With the Caribbean left decimated by Hurricane Irma, it’s an unfortunate reality that child abusers will be waiting, ready to prey on the most vulnerable. Now is the time to act.
As history has shown time and time again, when Mother Nature strikes, so do child-abusers. With Haiti still struggling to recover one year on from Hurricane Matthew, and news that Puerto Rico residents could be without electricity for four to six months, the likelihood of child exploitation in the wake of Hurricane Irma is inevitable.
Speaking with UNICEF Australia’s Policy Director, Ms Amy Lamoin, it’s evident that children in the Caribbean are particularly vulnerable to predators—from recruitment into armed forces, to sexual exploitation and trafficking.
“After a natural disaster, we almost always see increases in sexual and gender based violence,” she shared.
“Certainly girls and women aren’t the only ones experiencing [exploitation], but there’s definitely a heightened risk, and in developing and lower income countries, we absolutely see a spike in coercive sex, transactional sex, and exploitation in general.”
According to Ms Lamoin, one of the key factors for exploitation stems from the separation of children from their families—which can happen not only through natural events, but through the actions of well-meaning individuals.
“You see a spike [in exploitation and trafficking] when children are separated from their parents after a natural disaster, and frequently, we’ll see instances of children being moved around the country or across the border—which is a really big concern.
“We saw this happen a lot after Hurricane Matthew swept through Haiti—where people were unlawfully moving children across borders, because they were either orphaned or separated from their families—and of course, this can make it very hard to unite them with their families,” she says.
“This is why UNICEF recommend suspending any type of adoption programs during and post emergencies, to ensure adoptions are legitimate.”
Given the Caribbean’s reputation as a primary destination, transit, and source country for child trafficking, Hurricane Irma is a devastating blow not only for every local, but also the children who are already at risk.
According to the 2016 Trafficking in Persons Report from the U.S. State Department, several Caribbean nations, including Belize and Haiti, are still ranked as Tier 3 trafficking locations. This means that they have been recognised as a country which does not fully meet the minimum standards for the elimination of trafficking, and is not making significant efforts to do so.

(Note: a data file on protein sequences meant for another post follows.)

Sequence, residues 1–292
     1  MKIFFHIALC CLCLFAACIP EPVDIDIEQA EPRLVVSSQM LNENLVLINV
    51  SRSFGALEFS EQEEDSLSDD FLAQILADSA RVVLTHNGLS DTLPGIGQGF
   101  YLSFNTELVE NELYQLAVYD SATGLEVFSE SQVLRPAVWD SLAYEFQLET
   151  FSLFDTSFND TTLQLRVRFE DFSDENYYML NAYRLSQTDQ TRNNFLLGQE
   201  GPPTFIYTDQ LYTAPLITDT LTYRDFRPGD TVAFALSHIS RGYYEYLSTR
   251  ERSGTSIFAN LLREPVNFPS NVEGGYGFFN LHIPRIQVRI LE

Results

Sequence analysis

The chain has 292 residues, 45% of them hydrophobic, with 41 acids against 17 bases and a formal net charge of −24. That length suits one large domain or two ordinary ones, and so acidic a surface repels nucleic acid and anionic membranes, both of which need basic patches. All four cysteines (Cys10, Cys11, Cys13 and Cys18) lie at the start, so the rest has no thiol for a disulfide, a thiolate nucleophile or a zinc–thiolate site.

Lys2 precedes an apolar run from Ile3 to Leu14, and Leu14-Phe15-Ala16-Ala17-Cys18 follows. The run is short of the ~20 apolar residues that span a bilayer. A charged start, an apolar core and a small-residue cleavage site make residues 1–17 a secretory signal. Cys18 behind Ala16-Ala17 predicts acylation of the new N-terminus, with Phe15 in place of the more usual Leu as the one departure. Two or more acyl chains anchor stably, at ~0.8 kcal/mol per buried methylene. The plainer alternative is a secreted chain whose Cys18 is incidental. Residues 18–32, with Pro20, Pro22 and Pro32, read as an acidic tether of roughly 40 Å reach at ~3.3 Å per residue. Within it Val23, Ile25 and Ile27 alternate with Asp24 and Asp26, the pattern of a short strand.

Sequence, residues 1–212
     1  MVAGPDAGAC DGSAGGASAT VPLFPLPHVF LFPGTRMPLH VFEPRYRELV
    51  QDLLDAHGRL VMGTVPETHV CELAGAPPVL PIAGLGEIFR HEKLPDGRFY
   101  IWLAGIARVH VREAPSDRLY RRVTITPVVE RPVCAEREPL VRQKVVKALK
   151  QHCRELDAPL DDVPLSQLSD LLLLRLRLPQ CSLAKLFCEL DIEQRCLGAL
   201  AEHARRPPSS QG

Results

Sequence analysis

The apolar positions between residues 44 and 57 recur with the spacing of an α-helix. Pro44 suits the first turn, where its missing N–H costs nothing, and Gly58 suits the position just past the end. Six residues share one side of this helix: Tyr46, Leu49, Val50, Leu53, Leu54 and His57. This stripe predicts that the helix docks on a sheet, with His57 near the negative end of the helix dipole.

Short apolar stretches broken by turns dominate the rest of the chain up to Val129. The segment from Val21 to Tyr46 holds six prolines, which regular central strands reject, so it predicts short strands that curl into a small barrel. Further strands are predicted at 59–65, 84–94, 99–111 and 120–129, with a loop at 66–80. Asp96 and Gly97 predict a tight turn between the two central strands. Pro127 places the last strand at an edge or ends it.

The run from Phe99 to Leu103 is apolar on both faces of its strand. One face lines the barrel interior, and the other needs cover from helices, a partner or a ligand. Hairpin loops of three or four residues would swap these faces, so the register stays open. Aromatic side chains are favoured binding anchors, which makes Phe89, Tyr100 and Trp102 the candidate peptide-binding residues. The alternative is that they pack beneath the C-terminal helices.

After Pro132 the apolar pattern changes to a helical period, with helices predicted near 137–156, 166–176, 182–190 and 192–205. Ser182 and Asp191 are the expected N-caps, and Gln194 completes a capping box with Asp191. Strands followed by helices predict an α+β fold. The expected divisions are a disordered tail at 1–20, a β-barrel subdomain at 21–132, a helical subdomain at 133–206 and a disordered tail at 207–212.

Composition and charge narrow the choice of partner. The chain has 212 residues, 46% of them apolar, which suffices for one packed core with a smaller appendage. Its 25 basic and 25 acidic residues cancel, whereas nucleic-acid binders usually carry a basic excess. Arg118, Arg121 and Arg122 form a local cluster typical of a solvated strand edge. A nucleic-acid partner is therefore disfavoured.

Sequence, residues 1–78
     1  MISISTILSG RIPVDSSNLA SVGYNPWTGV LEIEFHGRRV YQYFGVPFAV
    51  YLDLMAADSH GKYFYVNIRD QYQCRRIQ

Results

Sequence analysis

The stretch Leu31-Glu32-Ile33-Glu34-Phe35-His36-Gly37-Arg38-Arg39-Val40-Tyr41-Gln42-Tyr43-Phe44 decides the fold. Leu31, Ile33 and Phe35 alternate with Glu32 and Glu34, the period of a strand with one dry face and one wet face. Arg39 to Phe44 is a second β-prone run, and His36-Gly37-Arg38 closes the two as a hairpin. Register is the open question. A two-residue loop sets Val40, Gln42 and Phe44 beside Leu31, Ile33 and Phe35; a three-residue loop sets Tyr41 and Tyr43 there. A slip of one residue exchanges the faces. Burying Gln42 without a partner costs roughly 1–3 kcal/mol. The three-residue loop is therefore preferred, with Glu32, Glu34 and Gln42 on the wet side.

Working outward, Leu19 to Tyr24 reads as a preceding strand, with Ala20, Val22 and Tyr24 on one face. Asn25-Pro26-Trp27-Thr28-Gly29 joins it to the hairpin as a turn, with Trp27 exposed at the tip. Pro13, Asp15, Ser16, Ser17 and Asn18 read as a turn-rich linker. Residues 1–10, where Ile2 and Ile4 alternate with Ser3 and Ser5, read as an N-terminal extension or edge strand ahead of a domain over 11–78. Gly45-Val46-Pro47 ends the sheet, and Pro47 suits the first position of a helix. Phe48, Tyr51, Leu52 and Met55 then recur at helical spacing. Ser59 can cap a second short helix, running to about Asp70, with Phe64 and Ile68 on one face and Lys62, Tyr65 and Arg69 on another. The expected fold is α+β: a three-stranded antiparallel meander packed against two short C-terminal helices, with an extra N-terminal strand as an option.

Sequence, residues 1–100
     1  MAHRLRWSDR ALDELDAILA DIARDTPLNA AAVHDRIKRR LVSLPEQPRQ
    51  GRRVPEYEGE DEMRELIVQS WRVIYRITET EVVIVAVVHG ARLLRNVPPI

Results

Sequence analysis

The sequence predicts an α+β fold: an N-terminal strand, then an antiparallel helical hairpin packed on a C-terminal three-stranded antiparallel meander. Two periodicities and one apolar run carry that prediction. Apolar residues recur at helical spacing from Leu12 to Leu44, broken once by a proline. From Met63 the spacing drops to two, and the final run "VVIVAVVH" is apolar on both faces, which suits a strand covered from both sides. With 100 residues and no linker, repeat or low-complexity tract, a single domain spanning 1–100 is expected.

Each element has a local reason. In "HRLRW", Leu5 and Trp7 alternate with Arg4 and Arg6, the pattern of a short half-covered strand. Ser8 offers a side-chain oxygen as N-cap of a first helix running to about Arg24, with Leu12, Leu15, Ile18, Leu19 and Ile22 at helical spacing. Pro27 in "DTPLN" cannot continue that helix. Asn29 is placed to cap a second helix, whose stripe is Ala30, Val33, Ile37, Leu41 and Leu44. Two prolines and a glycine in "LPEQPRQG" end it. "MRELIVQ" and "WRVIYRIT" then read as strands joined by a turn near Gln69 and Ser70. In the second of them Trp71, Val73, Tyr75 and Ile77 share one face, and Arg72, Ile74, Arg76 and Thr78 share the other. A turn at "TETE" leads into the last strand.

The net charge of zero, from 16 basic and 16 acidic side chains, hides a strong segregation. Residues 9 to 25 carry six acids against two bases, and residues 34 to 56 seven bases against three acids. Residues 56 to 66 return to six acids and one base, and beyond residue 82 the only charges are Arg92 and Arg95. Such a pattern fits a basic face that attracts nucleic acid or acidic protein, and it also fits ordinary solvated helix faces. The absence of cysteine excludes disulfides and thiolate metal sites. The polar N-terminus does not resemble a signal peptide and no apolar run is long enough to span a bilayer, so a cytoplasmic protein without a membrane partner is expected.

Meanwhile, Barbuda—which has been decimated by Hurricane Irma with more than 90% of homes completely destroyed—is ranked as a Tier 2 ‘destination and transit’ country, with anecdotal reports of children being subjected to sex trafficking.
With Hurricane Irma leaving entire Caribbean cities in rubble, foreign aid organisations must work swiftly and strategically, to ensure all locals, including children, remain safe and healthy. Along with the essentials, such as clean water and sanitation, experts agree that emergency shelters also need to be carefully managed.
“The aftermath [of a natural disaster] usually leaves a large amount of people displaced in emergency shelters, and when congregated together in a small space, it creates an atmosphere of lawlessness,” explains Glen Hulley, a former Victorian police officer who now runs the anti-child exploitation organisation, Project Karma.
“After a natural disaster, police and emergency services are usually heavily engaged in recovery efforts, which leaves shelters exposed; and when coupled with poverty, and a lack of electricity, water, and sanitation, the ingredients create a state of chaos.
“This can lead to people in the shelters offending against others, and at the same time, attract [abusers and traffickers] looking to exploit, or even kidnap, children.”
Likewise, Ms Lamoin agrees.
“Where children have survived [natural disasters], they’re often in a really overcrowded shelter, which of course raises a whole lot of health concerns. This includes children experiencing sexual violence and child sexual abuse.”
“Keeping families together is really important, and we try to restore children’s lives as quickly as possible—not only through core survival and health services, such as water and sanitation, but also psychosocial assistance for those who are experiencing trauma,” she shared.
For those in the general public looking to help the victims of Hurricane Irma, Ms Lamoin suggests making a financial donation to an organisation who are on the ground in the Caribbean.
“People often want to help with donations of clothing, but things can change so fast on a day to day basis, which means that the fastest way to mobilise support is through financial assistance.
“Stay informed and support the organisations doing work on the ground.”